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Re: Avoiding bad prepared-statement plans.

From: Mark Mielke <mark(at)mark(dot)mielke(dot)cc>
To: Tom Lane <tgl(at)sss(dot)pgh(dot)pa(dot)us>
Cc: Jeroen Vermeulen <jtv(at)xs4all(dot)nl>, Alex Hunsaker <badalex(at)gmail(dot)com>, Robert Haas <robertmhaas(at)gmail(dot)com>, Greg Stark <gsstark(at)mit(dot)edu>, Bart Samwel <bart(at)samwel(dot)tk>, Pavel Stehule <pavel(dot)stehule(at)gmail(dot)com>, pgsql-hackers(at)postgresql(dot)org
Subject: Re: Avoiding bad prepared-statement plans.
Date: 2010-02-26 19:22:37
Message-ID: (view raw, whole thread or download thread mbox)
Lists: pgsql-hackers
On 02/26/2010 01:59 PM, Tom Lane wrote:
>> ... It's walking around the problem
>> that the idea of a generic plan is just wrong. The only time a generic
>> plan is right, is when the specific plan would result in the same.
> I think that's a significant overstatement.  There are a large number
> of cases where a custom plan isn't worth it, even if it doesn't generate
> exactly the same plan.

There must be some way to lift the cost of planning out of the plan 
enumeration and selection phase, such that only plan enumeration and 
selection is run at execute time. In most cases, plan enumeration and 
selection, provided that all data required to make these decisions is 
all cached in data structures ready to go, should be very fast? Right? 
Wrong? If right, my original post suggested that prepare should do the 
parts of planning which are fixed, and not change based on the input 
parameters, while execute should do the dynamic parts that would change 
based on the input parameters.

By "not worth it", do you mean development effort or run time?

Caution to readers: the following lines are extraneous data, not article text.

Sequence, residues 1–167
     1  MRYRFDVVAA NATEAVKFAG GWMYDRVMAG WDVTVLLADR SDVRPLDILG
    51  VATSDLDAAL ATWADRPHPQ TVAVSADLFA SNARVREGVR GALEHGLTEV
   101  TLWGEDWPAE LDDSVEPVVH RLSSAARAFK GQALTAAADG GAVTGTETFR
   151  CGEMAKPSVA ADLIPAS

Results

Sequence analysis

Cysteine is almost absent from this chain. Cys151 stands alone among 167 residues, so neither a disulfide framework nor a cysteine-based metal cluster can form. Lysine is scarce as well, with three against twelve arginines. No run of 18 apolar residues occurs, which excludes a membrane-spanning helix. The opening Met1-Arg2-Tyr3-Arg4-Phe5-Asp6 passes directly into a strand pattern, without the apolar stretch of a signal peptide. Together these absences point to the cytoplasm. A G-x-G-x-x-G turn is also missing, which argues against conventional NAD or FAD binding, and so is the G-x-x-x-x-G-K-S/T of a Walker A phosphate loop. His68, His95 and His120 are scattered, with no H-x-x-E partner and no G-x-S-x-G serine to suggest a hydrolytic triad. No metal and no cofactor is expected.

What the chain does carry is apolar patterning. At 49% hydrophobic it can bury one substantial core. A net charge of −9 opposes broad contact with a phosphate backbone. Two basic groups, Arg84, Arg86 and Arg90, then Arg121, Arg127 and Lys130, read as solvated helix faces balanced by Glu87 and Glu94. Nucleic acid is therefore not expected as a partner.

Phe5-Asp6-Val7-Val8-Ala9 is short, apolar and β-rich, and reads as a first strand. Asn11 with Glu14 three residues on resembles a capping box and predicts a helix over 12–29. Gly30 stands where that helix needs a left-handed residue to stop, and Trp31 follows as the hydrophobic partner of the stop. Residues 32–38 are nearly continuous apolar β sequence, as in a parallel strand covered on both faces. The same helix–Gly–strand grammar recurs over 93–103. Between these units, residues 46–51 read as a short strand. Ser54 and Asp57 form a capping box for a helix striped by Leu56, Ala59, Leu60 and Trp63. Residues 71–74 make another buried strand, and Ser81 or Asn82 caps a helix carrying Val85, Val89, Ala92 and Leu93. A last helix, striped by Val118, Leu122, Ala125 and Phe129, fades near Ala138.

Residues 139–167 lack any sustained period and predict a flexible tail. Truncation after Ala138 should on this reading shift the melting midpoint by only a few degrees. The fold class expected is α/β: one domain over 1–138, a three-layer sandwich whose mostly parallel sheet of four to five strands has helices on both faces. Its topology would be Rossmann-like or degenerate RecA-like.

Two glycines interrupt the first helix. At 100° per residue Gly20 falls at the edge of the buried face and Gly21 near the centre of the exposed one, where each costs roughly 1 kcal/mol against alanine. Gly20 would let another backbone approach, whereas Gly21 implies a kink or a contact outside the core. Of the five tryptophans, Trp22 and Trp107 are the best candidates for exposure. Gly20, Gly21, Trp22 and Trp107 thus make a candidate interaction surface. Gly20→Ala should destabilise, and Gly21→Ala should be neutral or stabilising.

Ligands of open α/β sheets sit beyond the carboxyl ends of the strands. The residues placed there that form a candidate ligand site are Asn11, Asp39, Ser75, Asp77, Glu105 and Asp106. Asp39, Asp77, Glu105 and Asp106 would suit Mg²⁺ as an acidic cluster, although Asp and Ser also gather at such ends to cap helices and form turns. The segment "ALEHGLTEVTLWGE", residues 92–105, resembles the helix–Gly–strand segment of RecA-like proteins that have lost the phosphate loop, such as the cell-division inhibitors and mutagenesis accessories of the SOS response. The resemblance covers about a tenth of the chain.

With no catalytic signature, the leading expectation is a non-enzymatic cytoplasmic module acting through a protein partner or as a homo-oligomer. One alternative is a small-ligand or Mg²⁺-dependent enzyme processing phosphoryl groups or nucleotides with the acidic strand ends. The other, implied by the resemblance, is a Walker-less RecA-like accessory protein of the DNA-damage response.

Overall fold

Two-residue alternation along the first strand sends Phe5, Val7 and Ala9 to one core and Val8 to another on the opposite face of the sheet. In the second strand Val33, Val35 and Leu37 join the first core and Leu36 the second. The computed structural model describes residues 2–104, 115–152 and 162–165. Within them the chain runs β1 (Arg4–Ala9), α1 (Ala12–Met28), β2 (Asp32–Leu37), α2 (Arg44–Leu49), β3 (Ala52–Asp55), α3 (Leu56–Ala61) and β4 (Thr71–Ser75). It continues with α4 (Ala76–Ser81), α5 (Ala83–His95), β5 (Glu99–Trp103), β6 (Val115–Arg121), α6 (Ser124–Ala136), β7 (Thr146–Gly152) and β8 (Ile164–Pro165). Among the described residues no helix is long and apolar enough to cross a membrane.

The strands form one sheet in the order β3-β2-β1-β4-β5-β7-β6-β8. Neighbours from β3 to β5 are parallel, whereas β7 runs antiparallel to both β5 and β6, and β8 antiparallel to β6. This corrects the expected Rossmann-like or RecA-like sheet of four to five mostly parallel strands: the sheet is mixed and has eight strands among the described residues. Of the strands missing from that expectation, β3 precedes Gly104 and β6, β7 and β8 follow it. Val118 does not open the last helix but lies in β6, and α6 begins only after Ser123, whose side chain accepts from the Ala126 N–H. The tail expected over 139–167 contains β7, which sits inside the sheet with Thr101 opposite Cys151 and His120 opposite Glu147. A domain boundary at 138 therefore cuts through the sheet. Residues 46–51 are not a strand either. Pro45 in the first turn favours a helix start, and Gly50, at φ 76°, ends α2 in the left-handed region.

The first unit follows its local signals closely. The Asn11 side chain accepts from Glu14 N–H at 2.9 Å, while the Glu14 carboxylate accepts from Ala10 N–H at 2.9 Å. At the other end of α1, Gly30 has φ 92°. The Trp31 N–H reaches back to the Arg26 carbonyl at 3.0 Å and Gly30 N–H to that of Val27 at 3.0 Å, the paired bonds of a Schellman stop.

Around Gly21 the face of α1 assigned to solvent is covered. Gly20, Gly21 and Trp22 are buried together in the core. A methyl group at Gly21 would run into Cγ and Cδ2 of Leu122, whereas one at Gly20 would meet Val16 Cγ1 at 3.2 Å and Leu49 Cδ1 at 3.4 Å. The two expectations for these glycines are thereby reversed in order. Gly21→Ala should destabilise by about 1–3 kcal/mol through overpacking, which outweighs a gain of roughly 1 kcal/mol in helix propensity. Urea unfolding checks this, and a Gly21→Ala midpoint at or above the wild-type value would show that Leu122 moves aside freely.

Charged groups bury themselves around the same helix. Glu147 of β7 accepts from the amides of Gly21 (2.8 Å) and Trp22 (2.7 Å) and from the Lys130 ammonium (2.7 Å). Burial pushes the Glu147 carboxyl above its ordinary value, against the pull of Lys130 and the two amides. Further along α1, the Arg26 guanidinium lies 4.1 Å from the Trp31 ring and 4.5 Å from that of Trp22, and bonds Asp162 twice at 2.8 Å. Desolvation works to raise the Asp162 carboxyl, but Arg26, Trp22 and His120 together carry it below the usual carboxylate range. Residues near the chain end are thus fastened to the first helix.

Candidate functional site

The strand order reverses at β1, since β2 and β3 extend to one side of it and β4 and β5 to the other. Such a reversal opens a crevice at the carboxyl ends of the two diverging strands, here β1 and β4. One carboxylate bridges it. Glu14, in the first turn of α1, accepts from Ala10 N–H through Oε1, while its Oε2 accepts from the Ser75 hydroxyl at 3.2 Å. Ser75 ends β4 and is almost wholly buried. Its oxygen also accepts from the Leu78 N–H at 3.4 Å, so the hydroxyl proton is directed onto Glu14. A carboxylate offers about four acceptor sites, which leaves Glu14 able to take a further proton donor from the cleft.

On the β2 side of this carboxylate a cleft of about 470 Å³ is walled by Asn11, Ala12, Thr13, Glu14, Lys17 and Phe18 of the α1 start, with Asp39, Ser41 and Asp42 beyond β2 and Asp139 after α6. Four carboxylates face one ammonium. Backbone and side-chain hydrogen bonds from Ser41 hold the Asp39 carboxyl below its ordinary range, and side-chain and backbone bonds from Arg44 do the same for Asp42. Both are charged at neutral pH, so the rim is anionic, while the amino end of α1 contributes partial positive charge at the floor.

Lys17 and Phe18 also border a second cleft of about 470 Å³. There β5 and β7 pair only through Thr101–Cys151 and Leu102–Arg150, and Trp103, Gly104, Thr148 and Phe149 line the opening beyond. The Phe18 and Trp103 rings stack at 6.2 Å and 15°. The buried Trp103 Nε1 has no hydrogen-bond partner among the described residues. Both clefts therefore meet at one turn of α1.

For development effort, it would definitely be worth it in the grand 
scheme of things, but perhaps not worth it to specific individuals.

For run time, I've having trouble seeing the situation where it would 
not be worth it. In the case that the resulting plan is the same (custom 
vs generic) there should be no cost. In the case that the plan is 
different, I think the difference proves that it is worth it. The case 
where it wouldn't be worth it would be if a prepared statement was 
called many times with many different parameters, and each set of 
parameters required a re-plan - but my experience in this regard tells 
me that the current model is to choose a sub-optimal plan, and the 
entire query will run much slower than the planning time, on every 
execute. We wouldn't be having this discussion if generic plans were 
considered adequate. So, I feel that it is worth it in this case as well.

It's the development effort that is the problem. I can't do it, and I 
can't make you do it. If you say "too hard", there isn't anything I can 
do about it. :-)


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Subject: Re: Avoiding bad prepared-statement plans.
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